Marshall senior organizes first MU community yard sale

Special to HNN Provided by Marshall University
HUNTINGTON, W.Va. – When soon-to-be Marshall University graduate Nathan O’Kane wondered how he was going to dispose of all the things he had accumulated over his years as a student, a light bulb turned on – why not have a yard sale?

 

And, he reasoned, why not include other members of the Marshall University community who may have items they want to clear out of their apartments,  rooms  or homes?

 

Now, with the help of Marshall’s Sustainability Department and the Department of Housing and Residence Life, the first MU community yard sale will take place on Marshall’s Huntington  campus Saturday, April 20.

 

The event will run from 11 a .m. to 2 p.m. between Cam Henderson Center and the Brian David Fox Tennis Courts, next to the first-year  residence  halls.  In case of rain, the sale will be moved into the gym of nearby  Gullickson Hall.   The public is invited to attend and purchase items up for sale by students, faculty and staff.

 

O’Kane expects a variety of goods will be available, such as electronics, clothing, furniture and personal items.   Nothing will go to waste, he emphasizes, because local charities will be on hand to pick up any leftover items once the sale is over.

 

Goodwill Industries will accept clothing, ReStore of  Habitat for Humanity will take furniture and electronics, and the Huntington Food Bank will take any non-perishable food items.  Each seller will have a table to display their goods.  For those who cannot be present at the event, but want to participate, items can be donated to a Habitat for Humanity booth to be sold with all profits going to  Habitat.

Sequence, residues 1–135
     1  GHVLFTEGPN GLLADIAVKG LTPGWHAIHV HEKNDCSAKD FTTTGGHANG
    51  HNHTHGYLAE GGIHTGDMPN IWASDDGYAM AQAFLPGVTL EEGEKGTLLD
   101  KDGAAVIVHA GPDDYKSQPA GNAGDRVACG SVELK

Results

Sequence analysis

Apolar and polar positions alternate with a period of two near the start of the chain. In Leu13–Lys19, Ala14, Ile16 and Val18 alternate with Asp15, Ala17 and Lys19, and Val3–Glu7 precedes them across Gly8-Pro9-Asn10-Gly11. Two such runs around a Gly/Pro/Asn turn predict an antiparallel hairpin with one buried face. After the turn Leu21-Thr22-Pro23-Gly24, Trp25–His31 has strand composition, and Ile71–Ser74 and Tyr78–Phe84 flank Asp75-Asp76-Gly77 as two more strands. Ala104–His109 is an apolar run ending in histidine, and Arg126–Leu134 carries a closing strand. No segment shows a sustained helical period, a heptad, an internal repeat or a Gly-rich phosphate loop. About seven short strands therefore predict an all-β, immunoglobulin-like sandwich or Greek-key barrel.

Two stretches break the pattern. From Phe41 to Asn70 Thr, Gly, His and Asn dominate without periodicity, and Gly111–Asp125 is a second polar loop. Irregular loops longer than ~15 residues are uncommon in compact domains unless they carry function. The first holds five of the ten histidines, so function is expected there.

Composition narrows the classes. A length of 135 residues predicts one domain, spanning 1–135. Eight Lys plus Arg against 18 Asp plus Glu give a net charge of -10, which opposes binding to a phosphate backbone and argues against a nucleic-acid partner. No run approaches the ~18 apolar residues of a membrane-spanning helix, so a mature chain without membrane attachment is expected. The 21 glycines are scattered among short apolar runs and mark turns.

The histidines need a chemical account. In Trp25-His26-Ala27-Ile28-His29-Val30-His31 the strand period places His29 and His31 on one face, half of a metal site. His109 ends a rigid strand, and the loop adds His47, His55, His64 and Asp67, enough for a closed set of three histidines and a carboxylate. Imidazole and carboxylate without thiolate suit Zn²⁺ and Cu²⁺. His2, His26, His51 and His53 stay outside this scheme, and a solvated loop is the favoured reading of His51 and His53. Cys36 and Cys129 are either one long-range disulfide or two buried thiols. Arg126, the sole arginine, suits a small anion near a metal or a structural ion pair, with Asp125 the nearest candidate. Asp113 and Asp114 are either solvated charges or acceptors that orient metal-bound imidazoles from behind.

Free parking is available at the Joan C. Edwards football stadium.  There will be some temporary loading zones set up behind Twin Towers residence hall in case large items need to be loaded.   As an added convenience, two tellers from Fifth Third Bank in Huntington will be on hand to make change for customers.

 

O’Kane, a senior engineering student from Virginia, hopes the sale will become an annual event.

 

“It limits the amount of waste and helps students recoup some of their investment,” he said.  “So far with faculty and staff included we have 48 registered sellers.  The benefit of the charities at the event is that all leftover items can be donated  if  the owners no longer want them or the hassle of taking unsold items with them.

 

“The Sustainability and Residence Life departments have been great to work with and I’ve had a terrific team who helped put this together,” O’Kane said.

  

Since the event is free and a boon for bargain hunters,  O’Kane said,  “The sale is a win for students, faculty and staff, a win for the community and a win for the environment.”

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